online Business asset purchase initial accounting

by Tom
(Chicago, Illinois, USA)

I am going to purchase an online business. Seller is the only employee running the business with one computer. This is an ASSET purchase. I get the website name, non-compete for 5 years. I will buy a new computer to run the business. So looks like all purchase price is for goodwill, supplier transfer and website and non-compete.

Total price is 265k. Down payment is 150K. Remaining 115k is seller financed loan for 3 years at 5%.

Of the down payment 125k is my savings and 25k is loan from my dad. So I will transfer 125K to the S-corp to be formed and dad will loan to that s-corp. Dad's is non-interest bearing loan payable when I have money.

Note: my 125k + dad's 25k will be paid to seller at closing as down payment. My 125k is investment and dad's is a loan.

Should I treat my investment as a loan too?

So how to do the initial accounting for cash, loan, goodwill etc.

(I plan to draw salary for s-corp. So 50K is reasonable for 175K profit before loan payment and about 125K profit after loan payment?)


Hi Tom!

Sorry it took me a couple days to respond to your question - I took a couple days off for Christmas.

When you purchase a business, any business, you need to come to an agreement with the seller of what you're buying - usually equipment,
fixtures, inventory, the name, the phone number, etc., but with an online business, you're purchasing a web address, supplier relationships, customers, etc.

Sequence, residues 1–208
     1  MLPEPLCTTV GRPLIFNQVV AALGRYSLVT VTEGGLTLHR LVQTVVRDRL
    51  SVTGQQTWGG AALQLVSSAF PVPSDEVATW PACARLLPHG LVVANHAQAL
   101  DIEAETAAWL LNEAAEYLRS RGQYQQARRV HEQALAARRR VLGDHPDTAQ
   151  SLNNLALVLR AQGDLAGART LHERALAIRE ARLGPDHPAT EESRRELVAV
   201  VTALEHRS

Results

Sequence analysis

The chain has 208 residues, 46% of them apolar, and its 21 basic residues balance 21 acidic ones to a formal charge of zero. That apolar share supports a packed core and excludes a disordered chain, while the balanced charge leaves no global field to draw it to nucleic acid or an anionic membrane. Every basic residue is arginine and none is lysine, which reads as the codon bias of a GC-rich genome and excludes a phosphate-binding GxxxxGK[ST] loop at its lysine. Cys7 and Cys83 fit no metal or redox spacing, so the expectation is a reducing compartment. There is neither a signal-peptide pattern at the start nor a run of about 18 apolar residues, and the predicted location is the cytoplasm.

How to treat that on a Balance Sheet is something unique.

Normally, after a business purchase, you may post an entry to book "Investment in ABC Company" or you may just purchase certain assets, not the entire business - and book Equipment, Fixtures, Customer List, and even Goodwill.

To me, it looks like your initial entry will be to book the Non-Compete, which is amortizable, the website value, which would be to an asset account like "Investment in", and then Goodwill. Goodwill is NOT amortizable, therefore try to put your purchase price to something more tangible if at all possible.

Your investment will be a debit to Cash and a credit to Owners Equity-Contributions. Your Dad's money will be a debit to Cash and a credit to "Note Payable - Dad", a long-term liability account.

When you hand over the down payment you'll post an entry with a debit to your asset accounts, maybe Supplier List, Investment in, Covenant to Non-Compete, and Goodwill, and your credit will be to Cash.

Your salary should be similar to what you'd be earning if you worked for another company doing a similar job. It sounds reasonable to me.

If you need further assistance, Tom, or have other questions, feel free to email me again.

Hope I've helped!

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